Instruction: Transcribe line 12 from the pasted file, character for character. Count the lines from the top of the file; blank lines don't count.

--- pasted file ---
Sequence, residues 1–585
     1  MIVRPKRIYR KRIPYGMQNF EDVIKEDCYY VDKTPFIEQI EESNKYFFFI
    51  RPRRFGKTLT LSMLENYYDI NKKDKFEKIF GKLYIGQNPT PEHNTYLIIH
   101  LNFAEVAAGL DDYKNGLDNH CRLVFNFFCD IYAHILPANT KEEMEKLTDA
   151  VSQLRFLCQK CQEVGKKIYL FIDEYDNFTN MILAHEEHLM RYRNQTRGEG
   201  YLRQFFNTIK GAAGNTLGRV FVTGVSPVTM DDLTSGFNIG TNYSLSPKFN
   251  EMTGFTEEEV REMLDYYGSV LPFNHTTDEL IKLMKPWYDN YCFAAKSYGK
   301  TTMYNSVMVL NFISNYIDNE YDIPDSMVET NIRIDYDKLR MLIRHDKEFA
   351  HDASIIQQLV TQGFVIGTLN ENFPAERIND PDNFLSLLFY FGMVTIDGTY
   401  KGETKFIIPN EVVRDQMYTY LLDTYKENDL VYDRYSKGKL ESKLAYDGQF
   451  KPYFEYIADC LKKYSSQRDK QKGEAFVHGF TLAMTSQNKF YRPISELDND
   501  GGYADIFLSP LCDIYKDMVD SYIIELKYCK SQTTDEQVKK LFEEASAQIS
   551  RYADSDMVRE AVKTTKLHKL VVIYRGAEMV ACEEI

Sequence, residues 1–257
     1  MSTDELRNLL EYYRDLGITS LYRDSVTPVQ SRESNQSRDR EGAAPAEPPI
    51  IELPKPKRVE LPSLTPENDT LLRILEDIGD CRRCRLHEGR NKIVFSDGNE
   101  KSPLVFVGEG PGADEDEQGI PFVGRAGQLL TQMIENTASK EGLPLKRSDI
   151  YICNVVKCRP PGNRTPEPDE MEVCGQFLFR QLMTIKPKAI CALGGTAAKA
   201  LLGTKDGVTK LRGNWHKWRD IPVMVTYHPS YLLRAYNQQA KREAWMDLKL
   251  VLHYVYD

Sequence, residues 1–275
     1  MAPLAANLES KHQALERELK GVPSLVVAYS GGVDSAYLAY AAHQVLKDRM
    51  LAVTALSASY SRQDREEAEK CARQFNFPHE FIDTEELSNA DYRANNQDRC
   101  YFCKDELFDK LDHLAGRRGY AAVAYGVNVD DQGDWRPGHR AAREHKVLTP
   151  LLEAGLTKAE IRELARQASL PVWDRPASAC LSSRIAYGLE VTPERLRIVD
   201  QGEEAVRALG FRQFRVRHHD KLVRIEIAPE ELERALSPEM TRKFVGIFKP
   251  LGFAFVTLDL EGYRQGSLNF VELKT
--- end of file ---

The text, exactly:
   501  GGYADIFLSP LCDIYKDMVD SYIIELKYCK SQTTDEQVKK LFEEASAQIS